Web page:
OAKWORTH residents hope to create a permanent reminder of one of the village’s most important historical figures.

Margaret Wintringham was the first British woman to become an MP in the Houses of Parliament after winning the seat for Louth in Lincolnshire in the 1920s.

Keighley town councillor Luke Maunsell is among villagers campaigning for a plaque to highlight Margaret’s birthplace.

Locally, Margaret is best known in Silsden where she grew up, but she had moved there soon after being born in 1879 in the Oakworth hamlet of Oldfield.

In 1900 she married Lincolnshire timber merchant Thomas Wintringham, who became MP for Louth in 1920. After his sudden death a year later, she was selected as the Liberal candidate to replace him.

Serving as an MP for three years, Mrs Wintringham soon became a leading member of her party and one of two women to serve on its National Executive by the end of the 1920s. She never returned to Parliament after being defeated in Louth in 1924, and she died in London in 1955.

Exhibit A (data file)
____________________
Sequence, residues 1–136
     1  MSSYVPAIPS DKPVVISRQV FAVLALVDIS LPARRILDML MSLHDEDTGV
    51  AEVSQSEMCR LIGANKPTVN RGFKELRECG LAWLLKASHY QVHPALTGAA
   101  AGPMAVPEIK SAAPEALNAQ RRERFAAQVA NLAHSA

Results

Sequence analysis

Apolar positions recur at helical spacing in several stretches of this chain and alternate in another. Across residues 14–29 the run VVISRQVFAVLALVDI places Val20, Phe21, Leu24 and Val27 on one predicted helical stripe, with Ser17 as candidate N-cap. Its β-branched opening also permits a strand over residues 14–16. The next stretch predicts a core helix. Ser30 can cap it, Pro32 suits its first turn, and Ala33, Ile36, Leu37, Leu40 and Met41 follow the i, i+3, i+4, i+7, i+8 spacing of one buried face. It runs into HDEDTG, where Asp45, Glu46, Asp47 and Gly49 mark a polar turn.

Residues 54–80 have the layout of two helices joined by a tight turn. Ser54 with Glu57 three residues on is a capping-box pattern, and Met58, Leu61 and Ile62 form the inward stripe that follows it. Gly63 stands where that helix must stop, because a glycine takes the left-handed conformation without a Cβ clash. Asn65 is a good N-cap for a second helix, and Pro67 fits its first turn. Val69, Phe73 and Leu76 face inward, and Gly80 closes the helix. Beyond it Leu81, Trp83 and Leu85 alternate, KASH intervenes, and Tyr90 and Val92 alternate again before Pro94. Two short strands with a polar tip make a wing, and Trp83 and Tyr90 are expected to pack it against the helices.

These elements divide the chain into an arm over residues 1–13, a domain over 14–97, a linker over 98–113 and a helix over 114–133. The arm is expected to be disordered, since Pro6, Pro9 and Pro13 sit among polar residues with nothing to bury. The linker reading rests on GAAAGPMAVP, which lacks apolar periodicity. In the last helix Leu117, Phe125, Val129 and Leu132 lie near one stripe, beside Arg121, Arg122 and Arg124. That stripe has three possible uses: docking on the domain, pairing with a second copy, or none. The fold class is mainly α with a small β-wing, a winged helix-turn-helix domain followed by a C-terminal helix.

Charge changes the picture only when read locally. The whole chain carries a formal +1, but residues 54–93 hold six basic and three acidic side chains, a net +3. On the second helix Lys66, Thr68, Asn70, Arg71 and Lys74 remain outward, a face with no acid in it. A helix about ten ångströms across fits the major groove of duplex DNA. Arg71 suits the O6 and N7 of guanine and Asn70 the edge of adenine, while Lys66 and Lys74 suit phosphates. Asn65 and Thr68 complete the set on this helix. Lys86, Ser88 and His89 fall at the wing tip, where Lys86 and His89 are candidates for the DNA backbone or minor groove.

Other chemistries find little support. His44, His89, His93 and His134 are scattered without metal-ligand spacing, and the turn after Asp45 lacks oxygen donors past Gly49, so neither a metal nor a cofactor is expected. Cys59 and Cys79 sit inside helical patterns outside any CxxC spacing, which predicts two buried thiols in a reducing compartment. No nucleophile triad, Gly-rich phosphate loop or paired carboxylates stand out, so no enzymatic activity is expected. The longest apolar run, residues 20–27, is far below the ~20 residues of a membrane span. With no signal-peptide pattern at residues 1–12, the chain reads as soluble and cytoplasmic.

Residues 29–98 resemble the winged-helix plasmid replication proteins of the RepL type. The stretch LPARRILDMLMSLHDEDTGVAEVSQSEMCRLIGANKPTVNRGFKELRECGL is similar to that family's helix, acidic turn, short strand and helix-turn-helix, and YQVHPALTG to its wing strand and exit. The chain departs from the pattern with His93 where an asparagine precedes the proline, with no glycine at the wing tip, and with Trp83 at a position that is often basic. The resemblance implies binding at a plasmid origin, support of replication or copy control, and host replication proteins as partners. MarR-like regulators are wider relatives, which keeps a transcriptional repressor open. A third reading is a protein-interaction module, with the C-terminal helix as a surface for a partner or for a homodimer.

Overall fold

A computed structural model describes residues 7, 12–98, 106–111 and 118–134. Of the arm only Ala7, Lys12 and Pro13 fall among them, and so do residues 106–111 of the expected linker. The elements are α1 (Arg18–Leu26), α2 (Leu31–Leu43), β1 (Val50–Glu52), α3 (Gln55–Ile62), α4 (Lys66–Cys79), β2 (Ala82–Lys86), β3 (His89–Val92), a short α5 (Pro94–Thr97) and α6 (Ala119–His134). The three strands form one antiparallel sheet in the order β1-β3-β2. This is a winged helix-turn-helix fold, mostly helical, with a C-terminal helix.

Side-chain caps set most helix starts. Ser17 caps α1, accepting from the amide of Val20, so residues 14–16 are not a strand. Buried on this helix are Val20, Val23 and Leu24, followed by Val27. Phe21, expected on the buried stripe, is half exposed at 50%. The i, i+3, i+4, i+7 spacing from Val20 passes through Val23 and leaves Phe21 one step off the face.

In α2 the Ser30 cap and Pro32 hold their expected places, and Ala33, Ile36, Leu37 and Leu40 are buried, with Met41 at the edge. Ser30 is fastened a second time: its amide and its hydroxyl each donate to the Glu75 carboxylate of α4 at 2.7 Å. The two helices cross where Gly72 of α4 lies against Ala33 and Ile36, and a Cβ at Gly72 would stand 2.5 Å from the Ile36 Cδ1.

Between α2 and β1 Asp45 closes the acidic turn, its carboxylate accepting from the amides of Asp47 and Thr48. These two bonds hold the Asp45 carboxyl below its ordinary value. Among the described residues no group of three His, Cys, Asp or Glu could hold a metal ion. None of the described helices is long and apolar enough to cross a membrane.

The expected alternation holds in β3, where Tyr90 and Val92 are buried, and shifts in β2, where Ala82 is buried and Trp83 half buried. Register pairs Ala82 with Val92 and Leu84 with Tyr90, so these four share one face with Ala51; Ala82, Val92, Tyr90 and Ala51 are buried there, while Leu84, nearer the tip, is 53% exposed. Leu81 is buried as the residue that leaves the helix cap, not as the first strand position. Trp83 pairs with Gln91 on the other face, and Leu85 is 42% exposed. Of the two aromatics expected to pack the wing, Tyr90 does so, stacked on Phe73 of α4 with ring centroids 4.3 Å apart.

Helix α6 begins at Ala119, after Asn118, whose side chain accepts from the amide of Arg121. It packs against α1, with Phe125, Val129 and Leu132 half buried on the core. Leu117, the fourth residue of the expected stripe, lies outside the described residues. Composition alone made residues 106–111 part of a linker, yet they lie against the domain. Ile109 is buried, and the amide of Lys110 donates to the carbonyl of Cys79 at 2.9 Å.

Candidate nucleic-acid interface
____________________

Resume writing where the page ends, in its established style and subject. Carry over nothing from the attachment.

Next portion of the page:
Cllr Maunsell is supporting the campaign by fellow villagers Tim Clapham – a distant relative of Margaret – and Eric Bishop, with Oldfield Primary School head James Travers.

Local historian and taxi driver Mr Bishop said: “There is little doubt that Margaret Wintringham was a landmark, political figure and well deserving of acknowledgment.

“She was the first British born woman to take her seat in Parliament and the second overall to become an MP. She very much helped to lay the foundations for the women who came after her.”

Cllr Maunsell, who represents Oakworth, Oldfield and Newsholme on the town council, said Margaret Wintringham was undoubtedly one of the most important people to come from his ward in its history.

He added: “It is only right that she is honoured where she was born and her achievements as a pioneer for women are properly appreciated. The three of us are in talks with Oldfield Primary School and the Yorkshire Society to help facilitate the purchasing of and placing of the plaque.

“We are hopeful that it will be a success and will enable us to mark the role of Mrs Wintringham on the political makeup of this country and on the local area.”